Dried-down peptide mixtures were analyzed in a nanoAcquity liquid chromatographer (Waters) coupled to a LTQ-Orbitrap Velos (Thermo Scientific) mass spectrometer. Tryptic digests were resuspended in 1% FA solution and an aliquot was injected for chromatographic separation. Peptides were trapped on a Symmetry C18TM trap column (5 µm 180 µm x 20mm, Waters), and separated using a C18 reverse phase capillary column (ACQUITY UPLC M-Class Peptide BEH column; 130 Å, 1.7µm, 75 µm x 250mm, Waters). The gradient used for the elution of the peptides was 1 to 40% B in 20 min, followed by gradient from 40 to 60% during 5 min (A:0.1% FA; B: 100% CAN, 0.1% FA), with a flow rate of 250 nl/min. Eluted peptides were subjected to electrospray ionization in an emitter needle (PicoTipTM, New Objective) with an applied voltage of 2,000 V. Peptide masses (m/z 300–1,700) were analyzed in data dependent mode where a full Scan MS was acquired in the Orbitrap with a resolution of 60,000 FWHM at 400 m/z. Up to the 10th most abundant peptides (minimum intensity of 500 counts) were selected from each MS scan and then fragmented in the linear ion trap using CID (38% normalized collision energy) with helium as the collision gas. The scan time settings were: Full MS: 250 ms (1 microscan) and MSn: 120 ms. Generated.raw data files were collected with Thermo Xcalibur (v.2.2).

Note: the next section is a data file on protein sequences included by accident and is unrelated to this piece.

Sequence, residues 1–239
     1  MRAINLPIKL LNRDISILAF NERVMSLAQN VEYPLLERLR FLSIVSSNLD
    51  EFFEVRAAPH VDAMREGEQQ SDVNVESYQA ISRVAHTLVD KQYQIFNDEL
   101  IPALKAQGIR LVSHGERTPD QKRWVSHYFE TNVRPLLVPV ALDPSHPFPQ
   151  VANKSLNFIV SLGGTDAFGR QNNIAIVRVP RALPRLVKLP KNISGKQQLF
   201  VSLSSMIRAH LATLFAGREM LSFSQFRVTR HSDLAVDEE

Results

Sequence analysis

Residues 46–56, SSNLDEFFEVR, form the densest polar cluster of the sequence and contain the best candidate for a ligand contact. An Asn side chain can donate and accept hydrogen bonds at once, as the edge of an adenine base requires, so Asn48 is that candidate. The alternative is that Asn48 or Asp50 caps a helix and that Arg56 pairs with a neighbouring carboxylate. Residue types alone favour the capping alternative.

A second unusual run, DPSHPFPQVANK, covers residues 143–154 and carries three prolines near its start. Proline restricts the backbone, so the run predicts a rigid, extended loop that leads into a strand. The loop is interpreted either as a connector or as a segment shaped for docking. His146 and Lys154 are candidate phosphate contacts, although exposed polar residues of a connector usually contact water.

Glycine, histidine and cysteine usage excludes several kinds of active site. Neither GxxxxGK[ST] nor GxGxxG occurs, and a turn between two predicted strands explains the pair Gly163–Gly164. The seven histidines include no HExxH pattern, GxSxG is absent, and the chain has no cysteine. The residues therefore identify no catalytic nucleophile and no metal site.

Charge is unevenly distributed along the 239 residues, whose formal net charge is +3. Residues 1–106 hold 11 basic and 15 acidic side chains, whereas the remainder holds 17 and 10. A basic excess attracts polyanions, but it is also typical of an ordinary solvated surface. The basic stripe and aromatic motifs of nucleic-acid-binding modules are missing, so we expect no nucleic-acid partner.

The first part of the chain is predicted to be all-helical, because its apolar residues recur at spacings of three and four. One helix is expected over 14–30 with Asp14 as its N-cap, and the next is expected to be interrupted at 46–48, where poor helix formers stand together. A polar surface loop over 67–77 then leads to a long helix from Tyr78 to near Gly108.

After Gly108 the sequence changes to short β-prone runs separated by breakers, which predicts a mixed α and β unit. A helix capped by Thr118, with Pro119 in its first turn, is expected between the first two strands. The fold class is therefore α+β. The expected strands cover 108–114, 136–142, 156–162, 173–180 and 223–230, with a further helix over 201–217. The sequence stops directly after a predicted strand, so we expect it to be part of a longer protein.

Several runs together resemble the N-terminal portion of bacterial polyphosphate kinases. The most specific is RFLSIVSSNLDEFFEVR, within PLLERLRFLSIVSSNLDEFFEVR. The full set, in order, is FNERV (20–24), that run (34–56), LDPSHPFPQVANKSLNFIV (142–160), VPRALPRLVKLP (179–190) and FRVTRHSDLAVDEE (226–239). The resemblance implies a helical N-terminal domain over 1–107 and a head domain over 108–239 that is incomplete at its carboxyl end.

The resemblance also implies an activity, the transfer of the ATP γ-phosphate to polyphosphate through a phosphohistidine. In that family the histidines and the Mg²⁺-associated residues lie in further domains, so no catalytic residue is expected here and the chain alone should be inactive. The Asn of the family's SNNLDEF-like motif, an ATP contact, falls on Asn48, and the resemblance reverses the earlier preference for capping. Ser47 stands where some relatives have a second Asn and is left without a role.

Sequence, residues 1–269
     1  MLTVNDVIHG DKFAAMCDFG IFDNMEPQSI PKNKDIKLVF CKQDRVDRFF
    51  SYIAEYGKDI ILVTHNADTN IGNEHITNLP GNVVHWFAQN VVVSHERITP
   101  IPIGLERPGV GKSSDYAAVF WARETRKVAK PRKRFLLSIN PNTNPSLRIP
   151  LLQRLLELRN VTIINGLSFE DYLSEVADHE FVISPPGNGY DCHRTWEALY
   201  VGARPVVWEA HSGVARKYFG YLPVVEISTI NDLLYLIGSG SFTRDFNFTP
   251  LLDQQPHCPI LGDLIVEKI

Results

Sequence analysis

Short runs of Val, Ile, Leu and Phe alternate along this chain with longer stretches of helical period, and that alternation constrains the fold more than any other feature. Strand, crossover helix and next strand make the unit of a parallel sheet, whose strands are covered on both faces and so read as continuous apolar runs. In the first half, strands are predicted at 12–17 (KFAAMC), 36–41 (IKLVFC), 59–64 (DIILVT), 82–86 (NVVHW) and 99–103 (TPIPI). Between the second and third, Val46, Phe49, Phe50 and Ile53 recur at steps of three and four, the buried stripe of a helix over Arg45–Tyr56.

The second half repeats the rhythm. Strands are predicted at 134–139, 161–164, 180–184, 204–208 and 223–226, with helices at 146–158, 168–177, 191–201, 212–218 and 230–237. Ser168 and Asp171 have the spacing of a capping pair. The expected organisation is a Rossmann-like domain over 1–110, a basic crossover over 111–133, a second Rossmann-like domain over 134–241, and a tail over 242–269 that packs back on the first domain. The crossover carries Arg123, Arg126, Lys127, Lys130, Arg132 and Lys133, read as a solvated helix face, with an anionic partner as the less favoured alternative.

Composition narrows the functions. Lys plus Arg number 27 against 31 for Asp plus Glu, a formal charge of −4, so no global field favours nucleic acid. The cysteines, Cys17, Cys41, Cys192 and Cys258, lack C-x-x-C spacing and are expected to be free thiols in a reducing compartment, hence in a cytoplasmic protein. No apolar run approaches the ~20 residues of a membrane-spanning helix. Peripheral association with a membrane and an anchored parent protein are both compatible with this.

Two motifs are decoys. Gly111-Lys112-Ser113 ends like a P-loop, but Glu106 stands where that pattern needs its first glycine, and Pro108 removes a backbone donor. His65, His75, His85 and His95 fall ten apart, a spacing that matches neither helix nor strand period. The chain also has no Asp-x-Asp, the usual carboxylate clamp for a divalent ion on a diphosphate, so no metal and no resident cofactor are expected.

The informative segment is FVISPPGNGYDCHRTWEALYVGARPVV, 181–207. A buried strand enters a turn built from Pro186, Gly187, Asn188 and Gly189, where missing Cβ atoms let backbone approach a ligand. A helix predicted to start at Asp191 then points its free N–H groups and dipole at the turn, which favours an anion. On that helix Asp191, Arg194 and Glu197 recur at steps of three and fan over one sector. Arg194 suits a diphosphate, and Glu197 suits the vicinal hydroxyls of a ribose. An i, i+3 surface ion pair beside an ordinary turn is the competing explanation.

Files obtained from mass spectrometry analyses were used to search against the public database Uniprot Actinopterygii (v.23/3/17). A database containing common laboratory contaminant proteins was added to this database. The software used as Thermo Proteome Discoverer (v1.4.1.14) with Sequest HT as the search engine. The following search parameters were applied: two missed cleavage sites as well as fixed and variable modifications; carbamidomethyl of cysteine and oxidation of methionine, respectively. Peptide tolerance was 10 ppm and 0.6 Da for MS and MS/MS spectra, respectively. Both target and decoy databases were searched in order to obtain a false discovery rate (FDR), and thus, estimate the number of incorrect peptide-spectrum matches that exceeded a given threshold. The results were filtered so only proteins identified with at least two high confidence (FDR >1%) peptides were included in the lists. To sort the search results, proteins were ranked by a first criterion of the higher Score together with and a second criterion of the higher number of Sequence Coverage and Peptides matched. The principal component analysis (PCA) was used to check the quality of the data from each replicate and identify the subsets of samples that are associated with the two different groups under study. The protein intensity values (log2-expression ratios) were represented by a hierarchical clustering heatmap analysis using MeV software (v4.0), with Pearson distance and average linkage.